HomeEntertainmentAfter O.J. Simpson’s trial, an insatiable appetite for reality TV

After O.J. Simpson’s trial, an insatiable appetite for reality TV

Americans turned off their soap operas and flipped to Court TV. They developed an unexpected taste for around-the-clock news coverage of the same story, night after night. And before long, they had elevated the non-acting, non-singing goddaughter of a disgraced football player to global superstar.

In other words, you can thank, or blame, O.J. Simpson for everything that has happened to television — including Kim Kardashian.

Simpson’s flight from police in a white Ford Bronco in June 1994 set the stage. An estimated 95 million viewers watched the SUV lead a slow-moving, two-hour, police chase on Southern California’s iconic freeways. People even staked out overpasses along the chase route, and cheered Simpson on with signs.

This was a glimpse into the mind-set of the American people: show them something almost too absurd to be believed — the Bronco used a turn signal at one point when exiting off the highway — and they would watch. Producers and Hollywood executives were paying attention.

“That was, in many ways, the beginning of many things on TV,” said Mary Murphy, a longtime entertainment journalist who worked in Los Angeles when Simpson was charged and ultimately acquitted of the murder of his ex-wife, Nicole Brown Simpson, and her friend, Ron Goldman. When Simpson died on April 10 at age 76, Murphy was inundated with texts — three decades later, the phenomenon of the trial and its ripple effects still loom large in the entertainment industry.

Viewers tuned in en masse to Court TV to watch more than eight months of proceedings in O.J. Simpson’s 1995 murder trial, bolstering the culture’s appetite for true crime. The 24/7 cable news cycle became a permanent fixture. But the spectacle also helped shape another emerging genre, reality TV. (MTV’s “The Real World,” one of the first popular reality shows, debuted a few years before the trial.)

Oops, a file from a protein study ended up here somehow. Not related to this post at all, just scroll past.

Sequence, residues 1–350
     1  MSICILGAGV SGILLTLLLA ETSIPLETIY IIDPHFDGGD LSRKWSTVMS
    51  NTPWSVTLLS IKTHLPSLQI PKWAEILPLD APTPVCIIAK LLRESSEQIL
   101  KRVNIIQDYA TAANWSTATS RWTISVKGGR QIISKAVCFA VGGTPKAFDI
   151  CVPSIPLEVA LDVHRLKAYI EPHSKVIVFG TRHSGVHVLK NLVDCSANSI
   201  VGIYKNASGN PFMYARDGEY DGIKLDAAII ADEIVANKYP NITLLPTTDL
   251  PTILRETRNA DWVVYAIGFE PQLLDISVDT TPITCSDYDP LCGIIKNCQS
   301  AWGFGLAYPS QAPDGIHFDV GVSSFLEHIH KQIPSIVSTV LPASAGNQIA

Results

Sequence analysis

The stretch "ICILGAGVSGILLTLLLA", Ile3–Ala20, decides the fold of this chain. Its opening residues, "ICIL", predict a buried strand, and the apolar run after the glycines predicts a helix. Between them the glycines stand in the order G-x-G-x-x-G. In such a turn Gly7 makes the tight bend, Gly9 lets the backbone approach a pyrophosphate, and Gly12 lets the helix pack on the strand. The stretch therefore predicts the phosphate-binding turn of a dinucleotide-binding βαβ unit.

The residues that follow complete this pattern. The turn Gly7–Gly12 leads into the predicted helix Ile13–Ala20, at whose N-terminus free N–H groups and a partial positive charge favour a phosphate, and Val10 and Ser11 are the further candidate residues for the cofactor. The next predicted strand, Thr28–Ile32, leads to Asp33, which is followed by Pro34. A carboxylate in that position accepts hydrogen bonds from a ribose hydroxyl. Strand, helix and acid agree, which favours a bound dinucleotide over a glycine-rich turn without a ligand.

No need to pay legions of actors, writers and producers to dream up outlandish scenarios. Just stick some cameras in a courtroom as viewers become remarkably invested in people they had never heard of before, such as Kato Kaelin, the aspiring actor who was staying on Simpson’s property at the time of the murders, and became an overnight sensation when he took the stand.

“You were absolutely absorbed in their personalities. Kato Kaelin was some guy who lived in a guesthouse and suddenly became a star,” said Murphy, an associate professor at the USC Annenberg School for Communication and Journalism. “It was riveting — you knew every player, you knew every lawyer.”

Susan Lee, then an NBC executive overseeing daytime television, told the Los Angeles Times in 1995 that the trial was “one of the best soap operas ever seen on television” and that actual soap ratings took a huge dive while it was on. “Suddenly people had the opportunity to see a real-live soap opera that had all the hooks and teasers and things you couldn’t believe happening every day.”

“It was kind of a new way of being famous,” said Brian Graden, who oversaw programs such as “Cops” and “America’s Most Wanted” as a Fox senior vice president of development at the time of the trial. Later, when he worked as an executive at MTV during the success of “The Real World” and other reality programming, he remembered a student during a focus group ask something like, “Why would I watch people pretend to be something if I could watch people who are the real thing?”

No one could have predicted the grip the trial was going to have on the American psyche, but in some ways, TV was ready for this moment. Michael Socolow was running the breaking news desk at CNN’s Los Angeles bureau for only three months when the Bronco chase happened, but he recalled that local television stations in California had already “found a winning ratings recipe in following car chases live from above.”